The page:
Discover Studying Abroad

Straight Talk: The government is needlessly delaying the announcement of the remaining Institutions of Eminence

The government must not delay in declaring IIT-Madras, IIT-Kharagpur, Delhi University, Jadavpur University and Anna University eminent. Our columnist, Dr. Pushkar, explains why.
BY Pushkar |   04-12-2018

BrainGain MagazineIIT Madras

Earlier in July, an Empowered Experts Committee (EEC) appointed by the Indian government, consisting of N. Gopalaswami (chairman), former Chief Election Commissioner; Tarun Khanna, Harvard University; Renu Khator, president, University of Houston; and Pritam Singh, former director, IIM-Lucknow, recommended 11 universities, eight public and three private, to be given the Institutions of Eminence (IoE) status.

The IoE initiative was launched in August 2017 to select 20 preeminent universities in the country - 10 public and 10 private - to promote them on the world stage. Only a few Indian institutions figure among the world’s top 500 institutions and the thinking behind this initiative was to provide additional financial support and independence to select universities so that at least some of them could rise and break into the ranks of the top 100 or 200 institutions worldwide.

The larger idea of providing additional support to select universities for the explicit purpose of placing them among the world’s best is not an unfamiliar one to international higher education experts. China has done something similar from the mid-1990s onwards (and continues to) and with great success so that today, several Chinese universities have substantially improved their positions in world university rankings. Indeed, Peking University and Tsinghua University count among the world’s top 50 universities. In contrast, the top-ranked Indian institution in this year’s Times Higher Education (THE) rankings was the Indian Institute of Science (IISc) in the 251-300 group.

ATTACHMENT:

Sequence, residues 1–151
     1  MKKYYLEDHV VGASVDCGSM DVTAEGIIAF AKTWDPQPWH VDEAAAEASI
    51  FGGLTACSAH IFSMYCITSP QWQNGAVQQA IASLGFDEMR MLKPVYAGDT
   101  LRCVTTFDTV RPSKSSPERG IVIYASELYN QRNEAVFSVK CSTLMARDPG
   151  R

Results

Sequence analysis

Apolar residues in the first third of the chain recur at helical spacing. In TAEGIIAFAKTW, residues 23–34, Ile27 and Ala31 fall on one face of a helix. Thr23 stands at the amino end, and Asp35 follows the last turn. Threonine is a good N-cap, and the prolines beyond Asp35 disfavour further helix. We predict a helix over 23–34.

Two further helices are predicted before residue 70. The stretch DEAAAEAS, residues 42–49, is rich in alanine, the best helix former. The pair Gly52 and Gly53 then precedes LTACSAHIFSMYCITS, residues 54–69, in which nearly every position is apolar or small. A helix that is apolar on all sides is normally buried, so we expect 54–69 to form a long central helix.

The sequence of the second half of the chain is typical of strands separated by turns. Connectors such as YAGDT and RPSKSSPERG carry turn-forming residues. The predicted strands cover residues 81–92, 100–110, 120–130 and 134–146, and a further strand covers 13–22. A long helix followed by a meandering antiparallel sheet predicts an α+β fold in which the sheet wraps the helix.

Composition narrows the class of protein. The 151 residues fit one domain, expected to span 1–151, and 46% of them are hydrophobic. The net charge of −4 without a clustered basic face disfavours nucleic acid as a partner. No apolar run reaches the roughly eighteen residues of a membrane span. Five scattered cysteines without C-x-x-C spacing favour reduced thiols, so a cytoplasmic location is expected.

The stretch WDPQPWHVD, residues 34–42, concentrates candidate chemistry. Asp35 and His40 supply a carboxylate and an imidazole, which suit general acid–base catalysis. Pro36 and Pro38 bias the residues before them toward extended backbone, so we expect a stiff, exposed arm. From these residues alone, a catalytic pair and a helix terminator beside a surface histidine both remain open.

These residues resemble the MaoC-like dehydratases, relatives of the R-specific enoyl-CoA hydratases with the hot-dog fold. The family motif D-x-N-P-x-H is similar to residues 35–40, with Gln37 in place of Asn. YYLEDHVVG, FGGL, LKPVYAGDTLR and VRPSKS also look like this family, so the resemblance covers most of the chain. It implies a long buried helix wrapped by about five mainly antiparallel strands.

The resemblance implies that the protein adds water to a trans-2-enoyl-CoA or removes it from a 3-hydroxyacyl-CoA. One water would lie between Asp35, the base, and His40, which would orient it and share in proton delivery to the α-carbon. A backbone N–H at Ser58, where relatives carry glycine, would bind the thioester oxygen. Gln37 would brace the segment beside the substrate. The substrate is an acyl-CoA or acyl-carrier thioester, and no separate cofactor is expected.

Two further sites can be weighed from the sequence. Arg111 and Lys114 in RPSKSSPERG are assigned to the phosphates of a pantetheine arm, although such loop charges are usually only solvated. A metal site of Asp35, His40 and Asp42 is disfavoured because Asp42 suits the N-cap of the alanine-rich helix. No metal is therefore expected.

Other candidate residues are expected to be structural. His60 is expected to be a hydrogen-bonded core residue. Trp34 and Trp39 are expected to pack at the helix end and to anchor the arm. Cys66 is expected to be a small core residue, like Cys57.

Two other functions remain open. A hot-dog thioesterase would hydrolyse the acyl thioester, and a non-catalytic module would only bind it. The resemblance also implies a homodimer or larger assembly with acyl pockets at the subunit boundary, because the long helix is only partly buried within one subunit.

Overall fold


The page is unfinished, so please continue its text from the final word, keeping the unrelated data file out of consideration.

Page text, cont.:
The IoE institutions are to be given unprecedented administrative and financial autonomy in a wide range of matters including, among others, faculty and staff salaries, student fees, and course offerings and content. The public institutions are to be made richer by Rs. 1,000 crores each in order to compete more effectively on the world stage. Other than adhere to a reasonably flexible set of guidelines, these universities will also be completely free of the cumbersome and arguably stultifying University Grants Commission (UGC) regulations. On their part, the IoE institutions are expected to climb up the charts in world university rankings in the next 10-15 years failing which they could be stripped of their status.

The government chose to select only six institutions from the EEC’s list, three public and three private institutions. Among the public institutions, the Indian Institute of Science (IISc) and the Indian Institutes of Technology (IIT) Bombay and Delhi were selected; and the Birla Institute of Technology and Science (BITS) Pilani, Manipal Academy of Higher Education (MAHE) and Jio Institute from among private institutions.